In the same year, the question of financing the planned Aswan Dam arose. The USA, Great Britain and the International Bank for Development and Reconstruction on 20 July refused the financing of the first batch of the works, motivating the decision by the fact that Egypt it did not give sufficient financial guarantees for the repayment of the loan. The Cairo government responded immediately (July 23, 1956) with the nationalization of the Universal Suez Canal Company. The serious international crisis followed, which resulted in the Israeli and Anglo-French military action of 29 October-6 November 1956 (see suez, in this App.). After the cessation of hostilities, Egypt joined the UN proposal to host an international armed force (UNEF) along the Egyptian-Israeli armistice line of 1948. Egypt drew considerable advantages from the crisis, since the countries concerned recognized “de facto” the nationalization of the Company and the creation of the Egyptian autonomous body for the administration of traffic and facilities of the Canal, while on the other hand, on December 27, 1958, upon the signing of the Soviet-Egyptian agreement on the financing and construction of the first stage of the Aswan dam, on the basis of a loan of 100 million dollars and technical aid.
In the framework of Arab solidarity, Egypt tries to pose as the leader of Arab nationalism. Therefore on 20 and 27 October 1955 and 21 April 1956 he promoted the conclusion of military pacts with Syria, Saudi Arabia and Yemen, which led to the creation of a unified command of the military forces of these states. In 1959, relations with the Irāq, which even before could be considered good because of the Baghdād pact, worsened, as the leaders of Cairo accused the new Iraqi republic of favoring the penetration of communism into the Arab world. In relations with the West there was a clearing up only in 1959, while in the period preceding the Egypt he found considerable support in the Communist world. These friendly relations with Moscow broke down in 1959 due to the Iraqi events and the accusations,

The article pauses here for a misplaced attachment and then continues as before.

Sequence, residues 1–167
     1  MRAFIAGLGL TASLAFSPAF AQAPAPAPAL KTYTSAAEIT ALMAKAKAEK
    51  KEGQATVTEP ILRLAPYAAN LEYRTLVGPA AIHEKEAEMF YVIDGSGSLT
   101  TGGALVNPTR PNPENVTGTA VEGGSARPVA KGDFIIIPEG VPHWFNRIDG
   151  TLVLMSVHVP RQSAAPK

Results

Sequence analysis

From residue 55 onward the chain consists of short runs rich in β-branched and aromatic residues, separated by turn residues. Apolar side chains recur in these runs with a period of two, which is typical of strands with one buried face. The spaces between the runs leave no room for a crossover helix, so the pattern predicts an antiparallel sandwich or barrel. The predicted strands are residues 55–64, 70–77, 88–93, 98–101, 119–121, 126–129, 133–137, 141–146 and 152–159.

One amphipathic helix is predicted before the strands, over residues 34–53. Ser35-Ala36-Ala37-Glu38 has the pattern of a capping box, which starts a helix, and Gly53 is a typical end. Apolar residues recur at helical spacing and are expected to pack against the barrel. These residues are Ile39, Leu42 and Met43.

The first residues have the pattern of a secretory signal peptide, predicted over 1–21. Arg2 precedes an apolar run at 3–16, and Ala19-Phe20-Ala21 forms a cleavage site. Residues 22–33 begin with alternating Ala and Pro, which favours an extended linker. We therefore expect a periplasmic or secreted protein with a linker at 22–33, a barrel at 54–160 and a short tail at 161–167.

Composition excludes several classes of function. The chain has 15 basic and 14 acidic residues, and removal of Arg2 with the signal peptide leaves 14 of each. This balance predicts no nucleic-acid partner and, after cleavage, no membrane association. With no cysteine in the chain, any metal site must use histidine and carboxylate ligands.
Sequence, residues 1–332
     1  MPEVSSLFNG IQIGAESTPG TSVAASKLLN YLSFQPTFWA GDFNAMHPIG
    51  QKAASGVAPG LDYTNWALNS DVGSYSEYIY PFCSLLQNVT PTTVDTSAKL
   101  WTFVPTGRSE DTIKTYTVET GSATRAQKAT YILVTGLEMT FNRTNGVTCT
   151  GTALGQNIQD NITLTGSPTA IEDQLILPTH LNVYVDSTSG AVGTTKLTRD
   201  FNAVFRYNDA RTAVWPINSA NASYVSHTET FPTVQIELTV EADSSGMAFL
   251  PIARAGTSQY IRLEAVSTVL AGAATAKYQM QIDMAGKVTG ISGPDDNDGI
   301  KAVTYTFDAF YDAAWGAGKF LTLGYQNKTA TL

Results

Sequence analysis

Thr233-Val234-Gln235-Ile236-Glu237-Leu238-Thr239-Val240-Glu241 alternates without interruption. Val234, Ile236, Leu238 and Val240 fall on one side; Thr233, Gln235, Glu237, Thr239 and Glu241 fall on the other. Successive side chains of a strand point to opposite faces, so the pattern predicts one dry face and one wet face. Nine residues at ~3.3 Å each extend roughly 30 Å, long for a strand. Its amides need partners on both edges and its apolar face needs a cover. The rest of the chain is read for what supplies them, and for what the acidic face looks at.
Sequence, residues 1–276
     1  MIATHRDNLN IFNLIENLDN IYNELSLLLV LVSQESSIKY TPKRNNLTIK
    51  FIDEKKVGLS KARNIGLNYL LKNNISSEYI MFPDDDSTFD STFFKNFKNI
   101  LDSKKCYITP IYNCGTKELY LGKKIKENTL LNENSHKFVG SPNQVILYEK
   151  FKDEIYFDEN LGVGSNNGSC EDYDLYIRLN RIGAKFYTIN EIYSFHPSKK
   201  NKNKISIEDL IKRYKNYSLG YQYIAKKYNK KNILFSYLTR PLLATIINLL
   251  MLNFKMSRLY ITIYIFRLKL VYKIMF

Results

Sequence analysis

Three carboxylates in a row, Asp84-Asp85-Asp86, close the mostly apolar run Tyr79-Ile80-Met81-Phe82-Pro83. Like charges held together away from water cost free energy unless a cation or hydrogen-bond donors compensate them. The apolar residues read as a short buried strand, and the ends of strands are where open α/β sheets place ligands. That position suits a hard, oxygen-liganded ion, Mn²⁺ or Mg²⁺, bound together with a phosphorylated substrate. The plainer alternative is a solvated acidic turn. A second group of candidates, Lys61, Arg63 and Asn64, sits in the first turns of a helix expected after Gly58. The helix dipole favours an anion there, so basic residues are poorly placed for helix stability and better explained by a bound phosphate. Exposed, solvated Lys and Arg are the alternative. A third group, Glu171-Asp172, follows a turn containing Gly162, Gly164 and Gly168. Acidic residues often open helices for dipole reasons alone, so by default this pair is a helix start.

The Egyptian attitude towards Israel was always and still is marked by extreme hostility, which found and still finds its dangerous expression in the recurring incidents along the Egyptian-Israeli armistice line.
In its international links the Egypt it tried to follow a neutralist line and therefore entered into solid agreements with those countries which, such as Yugoslavia and India, have assumed the same attitude. And from this line of conduct the Egypt he did not deviate even on the occasion of the UN Plenary Assembly, held in September-October 1960 and in which Nāṣir himself participated.